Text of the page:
DJ Gardy Girault Is Elevating The Haitian EDM Movement To The World Stage
The creator behind the “Rara Tech” EDM movement explains how his new music genre is changing perceptions toward Haiti.
“You know, it feels like the world is finally associating Haiti with its positive, rich culture,” said Gardy Girault, fresh off his evening flight from Dubai and just a few days after performing his EDM trademark, “Rara Tech,” in several European cities. “Hip-hop is still dominating in the U.S.; we participate and make our own version of it, but we also have something very unique to offer the world—our own tradition.”
We’re lounging in Miami’s Wynwood Yard, discussing the ways in which afro-pop has built a connecting bridge for the African diaspora, and how Jamaicans and Puerto Ricans have historically used their soft power, their musical export, to entice investment in their respective country. Haitian culture, on the other hand, has been reluctantly insular—Haiti is a francophone country surrounded by Latin American and Caribbean neighbors, whose marginalized groups tend to spark cultural movements in Spanish or English.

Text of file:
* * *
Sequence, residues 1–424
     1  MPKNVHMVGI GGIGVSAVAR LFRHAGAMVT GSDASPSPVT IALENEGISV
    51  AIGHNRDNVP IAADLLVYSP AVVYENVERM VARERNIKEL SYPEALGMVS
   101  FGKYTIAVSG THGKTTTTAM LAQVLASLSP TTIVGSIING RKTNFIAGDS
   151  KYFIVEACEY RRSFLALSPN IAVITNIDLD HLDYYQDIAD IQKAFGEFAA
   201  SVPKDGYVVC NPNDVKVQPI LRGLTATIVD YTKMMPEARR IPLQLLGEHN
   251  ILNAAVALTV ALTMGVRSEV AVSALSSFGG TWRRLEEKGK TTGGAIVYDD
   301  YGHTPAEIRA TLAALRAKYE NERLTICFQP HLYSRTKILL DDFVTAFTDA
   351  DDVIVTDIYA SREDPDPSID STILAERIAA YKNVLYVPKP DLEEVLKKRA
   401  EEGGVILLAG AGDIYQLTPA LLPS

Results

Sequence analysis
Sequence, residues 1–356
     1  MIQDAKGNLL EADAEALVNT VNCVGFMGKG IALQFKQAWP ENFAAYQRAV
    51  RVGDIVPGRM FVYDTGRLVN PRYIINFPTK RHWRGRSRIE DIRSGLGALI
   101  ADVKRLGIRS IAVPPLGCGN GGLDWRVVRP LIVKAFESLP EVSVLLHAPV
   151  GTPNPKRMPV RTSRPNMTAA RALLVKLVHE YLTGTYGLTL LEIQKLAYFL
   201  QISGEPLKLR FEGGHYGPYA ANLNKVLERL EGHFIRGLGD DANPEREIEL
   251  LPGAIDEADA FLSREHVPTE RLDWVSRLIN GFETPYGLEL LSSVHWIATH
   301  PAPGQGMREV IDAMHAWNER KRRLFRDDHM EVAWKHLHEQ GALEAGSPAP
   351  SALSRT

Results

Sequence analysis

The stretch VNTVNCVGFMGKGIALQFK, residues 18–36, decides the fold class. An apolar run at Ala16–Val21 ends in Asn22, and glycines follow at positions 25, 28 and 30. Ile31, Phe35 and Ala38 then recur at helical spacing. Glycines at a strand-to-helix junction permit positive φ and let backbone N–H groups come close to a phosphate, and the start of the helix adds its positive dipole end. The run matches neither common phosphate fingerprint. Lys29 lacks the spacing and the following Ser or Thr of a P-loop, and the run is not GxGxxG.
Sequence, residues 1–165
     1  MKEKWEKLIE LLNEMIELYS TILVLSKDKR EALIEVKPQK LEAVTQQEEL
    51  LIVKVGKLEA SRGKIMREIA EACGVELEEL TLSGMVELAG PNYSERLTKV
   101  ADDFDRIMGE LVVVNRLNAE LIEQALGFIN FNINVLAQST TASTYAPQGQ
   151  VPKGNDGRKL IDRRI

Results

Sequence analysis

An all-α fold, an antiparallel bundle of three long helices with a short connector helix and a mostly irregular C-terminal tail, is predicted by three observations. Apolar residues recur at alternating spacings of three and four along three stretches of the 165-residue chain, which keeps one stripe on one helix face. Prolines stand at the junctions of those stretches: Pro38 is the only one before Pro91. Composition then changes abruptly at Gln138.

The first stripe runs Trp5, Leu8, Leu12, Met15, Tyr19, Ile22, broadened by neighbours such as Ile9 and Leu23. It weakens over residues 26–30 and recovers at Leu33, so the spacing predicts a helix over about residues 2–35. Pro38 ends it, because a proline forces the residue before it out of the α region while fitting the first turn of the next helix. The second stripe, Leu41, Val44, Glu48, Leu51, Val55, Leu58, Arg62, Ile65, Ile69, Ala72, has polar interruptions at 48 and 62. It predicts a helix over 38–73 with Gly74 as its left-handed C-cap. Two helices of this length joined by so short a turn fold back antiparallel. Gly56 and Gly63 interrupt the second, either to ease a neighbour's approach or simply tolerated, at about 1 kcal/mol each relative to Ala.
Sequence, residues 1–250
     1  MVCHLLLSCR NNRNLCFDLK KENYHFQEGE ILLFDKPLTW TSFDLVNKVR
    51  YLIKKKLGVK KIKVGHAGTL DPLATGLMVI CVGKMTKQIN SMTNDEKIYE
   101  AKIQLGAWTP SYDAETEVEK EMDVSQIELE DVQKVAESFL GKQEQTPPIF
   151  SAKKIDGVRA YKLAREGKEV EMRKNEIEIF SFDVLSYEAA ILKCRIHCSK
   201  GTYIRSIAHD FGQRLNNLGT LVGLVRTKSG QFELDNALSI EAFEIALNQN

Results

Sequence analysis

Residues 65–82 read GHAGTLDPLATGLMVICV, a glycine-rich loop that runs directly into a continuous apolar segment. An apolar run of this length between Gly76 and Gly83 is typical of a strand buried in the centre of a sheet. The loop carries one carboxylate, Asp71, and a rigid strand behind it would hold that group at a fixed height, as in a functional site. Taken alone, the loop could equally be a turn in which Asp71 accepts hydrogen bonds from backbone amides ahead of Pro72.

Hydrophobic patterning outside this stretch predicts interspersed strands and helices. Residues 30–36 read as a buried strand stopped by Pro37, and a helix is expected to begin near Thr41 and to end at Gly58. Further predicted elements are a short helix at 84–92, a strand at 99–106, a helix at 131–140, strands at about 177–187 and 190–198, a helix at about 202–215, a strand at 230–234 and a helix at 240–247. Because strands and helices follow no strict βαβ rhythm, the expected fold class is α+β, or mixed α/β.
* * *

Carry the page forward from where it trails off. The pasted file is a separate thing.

“It’s officially Haiti’s time now,” said Girault, sitting on a high barstool, grinning and nodding his head.
Techno and House, which originally derived from its black American protest roots in Detroit and Chicago, is now infused with a fresh hybrid of traditional Haitian sounds called Rara, a form of festival music celebrating African ancestry with vodou (voodoo) and Taíno indigenous elements. Visit the Haitian capital of Port-au-Prince, the epicenter of the movement, and an eclectic community of DJs and artists will steer aficionados towards Gardy Girault’s legendary dance party, No Passport.
Girault, through his infectious music production, is spreading the “No Passport” vibes to American audiences. He is playing alongside Haitian EDM star Michael Brun at the sold-out Music Hall of Williamsburg in New York on November 24th. @Okayplayer caught up with Girault to continue our conversation on the lifeline of the burgeoning wave and what he wants the world to know about Haiti.